Many companies that never dreamed they’d be developing their own software are having to “roll their own.” Sometimes it’s an internal-use-only, as a custom layer over an existing platform like Salesforce, sometimes as a product they’re selling. This is what has driven the DevOps methodology over the past several years.
All this development means having to create your own development operations team.
Development Operations (DevOps) has brought IT operations and development teams a lot closer than ever before. Both sides are using network monitoring and other IT tools in some capacity, but how is DevOps taking over functions that used to be in IT's wheelhouse?
What is DevOps?
DevOps means different things to different companies.
“The main idea is that you have a group of people who own the operations of development,” says Kenworthy. “They support development, the infrastructure, and the processes by which the developers in R&D and others use the equipment.”
Historically IT did a lot of that. The problem is that IT wonks are experts in infrastructure, but they're not necessarily expert in software or agile development or the operations that you need to run a development group.
"DevOps for us is more about supporting the build environments. It's all of the tools necessary for development,” says Kenworthy. “We don't manage the hardware itself. We manage from the operating system up to the applications that go on top of that. And we manage the process by which those things are used and deployed.”
However, if you are a SaaS company, your DevOps team is completely different because there is very little physical infrastructure. It just depends on how the company operates.
How Does DevOps Use Network Monitoring?
Kenworthy uses Ipswitch’s own WhatsUp Gold for all of his network monitoring.
“That's probably the heart of our whole operation because that's the guy that's going to tell us not only when things go down, when things go wrong, and when things are broken, it's going to also tell us how things are operating. Are they operating efficiently? Are they using too much bandwidth? Are they consuming too many resources?” says Kenworthy. “It's a really big deal for us now to be able to track and monitor things that are in the cloud. So we have a lot of services that are now in Amazon and Azure. We depend on it heavily.”
“We've got over 200 different systems floating around. You can't watch them all the time. So you've got to have something that is smart enough to tell you, ‘Hey, something's wrong. Go look at it,’” says Kenworthy. “That's the heart and soul. Without network monitoring, I don't know how we would do this job, honestly.”
If There is a Problem Who Fixes It, Development or IT?
As most of IT has moved to co-location (colo) or cloud-based, the need for IT to track and repair individual hardware has changed. In some locations, the IT infrastructure consists primarily of wireless access points that connect to laptops.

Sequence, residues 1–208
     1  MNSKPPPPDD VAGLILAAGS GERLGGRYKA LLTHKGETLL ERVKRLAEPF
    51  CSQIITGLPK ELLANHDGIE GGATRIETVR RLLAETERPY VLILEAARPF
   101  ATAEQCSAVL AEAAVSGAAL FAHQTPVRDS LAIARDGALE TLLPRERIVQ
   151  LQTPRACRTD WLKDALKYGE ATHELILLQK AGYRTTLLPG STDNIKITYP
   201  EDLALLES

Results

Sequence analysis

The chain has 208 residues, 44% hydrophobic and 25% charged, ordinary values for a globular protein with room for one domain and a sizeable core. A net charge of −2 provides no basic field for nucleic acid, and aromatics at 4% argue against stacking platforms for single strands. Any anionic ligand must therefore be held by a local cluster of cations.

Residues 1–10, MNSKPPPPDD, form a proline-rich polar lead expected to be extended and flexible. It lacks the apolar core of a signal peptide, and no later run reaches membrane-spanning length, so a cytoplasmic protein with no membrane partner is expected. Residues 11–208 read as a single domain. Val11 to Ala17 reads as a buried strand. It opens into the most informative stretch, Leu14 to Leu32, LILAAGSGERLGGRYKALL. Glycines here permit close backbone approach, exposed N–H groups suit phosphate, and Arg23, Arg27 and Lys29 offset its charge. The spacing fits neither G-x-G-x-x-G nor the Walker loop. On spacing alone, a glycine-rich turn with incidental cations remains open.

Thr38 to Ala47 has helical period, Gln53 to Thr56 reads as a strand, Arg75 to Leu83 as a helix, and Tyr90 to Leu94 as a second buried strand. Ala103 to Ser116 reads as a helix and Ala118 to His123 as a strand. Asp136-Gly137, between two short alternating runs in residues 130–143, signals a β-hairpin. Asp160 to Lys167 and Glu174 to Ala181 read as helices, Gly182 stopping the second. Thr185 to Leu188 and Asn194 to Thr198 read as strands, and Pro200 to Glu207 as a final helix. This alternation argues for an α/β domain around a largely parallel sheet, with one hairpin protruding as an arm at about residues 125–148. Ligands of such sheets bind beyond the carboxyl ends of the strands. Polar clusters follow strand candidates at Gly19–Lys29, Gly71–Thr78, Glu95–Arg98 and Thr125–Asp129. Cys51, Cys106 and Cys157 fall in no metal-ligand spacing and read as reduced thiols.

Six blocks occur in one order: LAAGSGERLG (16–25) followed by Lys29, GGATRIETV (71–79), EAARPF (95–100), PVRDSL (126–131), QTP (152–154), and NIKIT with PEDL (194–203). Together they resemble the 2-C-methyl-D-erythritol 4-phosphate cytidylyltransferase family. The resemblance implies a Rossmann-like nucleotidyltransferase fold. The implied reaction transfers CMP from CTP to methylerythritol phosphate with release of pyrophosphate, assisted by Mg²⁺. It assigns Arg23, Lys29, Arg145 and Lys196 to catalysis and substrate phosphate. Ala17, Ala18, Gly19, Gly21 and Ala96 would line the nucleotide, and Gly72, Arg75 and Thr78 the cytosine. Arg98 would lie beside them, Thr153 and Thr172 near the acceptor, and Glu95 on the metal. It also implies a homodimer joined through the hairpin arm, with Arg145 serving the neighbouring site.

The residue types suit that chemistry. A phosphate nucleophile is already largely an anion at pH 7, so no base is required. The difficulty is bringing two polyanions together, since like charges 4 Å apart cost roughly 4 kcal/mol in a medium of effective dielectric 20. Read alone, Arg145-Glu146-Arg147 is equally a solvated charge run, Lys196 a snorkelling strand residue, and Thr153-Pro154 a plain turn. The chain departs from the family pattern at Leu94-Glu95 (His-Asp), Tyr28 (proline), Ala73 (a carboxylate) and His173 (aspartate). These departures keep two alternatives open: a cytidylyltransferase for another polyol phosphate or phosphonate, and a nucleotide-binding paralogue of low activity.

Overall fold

But when there is a hardware problem, who fixes it? That depends.
“Let's say we get an alert from WhatsUp Gold that says this particular service is down, but the machine is up. So we look and say this particular machine lives in our colo. IT owns the colo,” says Kenworthy. “Now it becomes, is it a problem with the hardware in the colo or is it a problem with the OS or the service?”
Instead of an endless round of it’s your problem, no it's your problem, network monitoring has the answer.
“With Whatsup Gold, I can generate a report very quickly and I can say, based on this evidence, it appears to be at the network level or it appears to be at the vCenter level and they're going to be much more reactive. It really helps them too because they've got the diagnosis information.”
Under Attack: How Network Monitoring Detected A Stealth DDOS
Network monitoring helped Ipswitch’s DevOps discover that the company was being secretly probed with a Distributed Denial of Service (DDOS) attack.
Ipswitch’s products are all licensing based. You register with a serial number and the licensing and activation servers approve you automatically. Network monitoring showed that the licensing and activation server was crashing for a few minutes at a time.
"We had customers complaining that they couldn’t activate,” says Kenworthy. “That really ramped this up for us. Or they could do it, but they would get these timeouts and delays. So it became very critical because it was something that affected customers. When they're calling, everybody knows that makes it a high priority.”
In the podcast, we detail the full detective story about how they discovered the DDOS attack on one server.
"It was a pretty tough problem to solve, very obscure,” says Kenworthy. “With a monitoring tool, you're gathering data. You're like a private investigator when those kinds of things happen. You just gotta put it together and eventually, the puzzle comes into view. You say, ‘Aha, I know what it is and here's what we've got to do!’”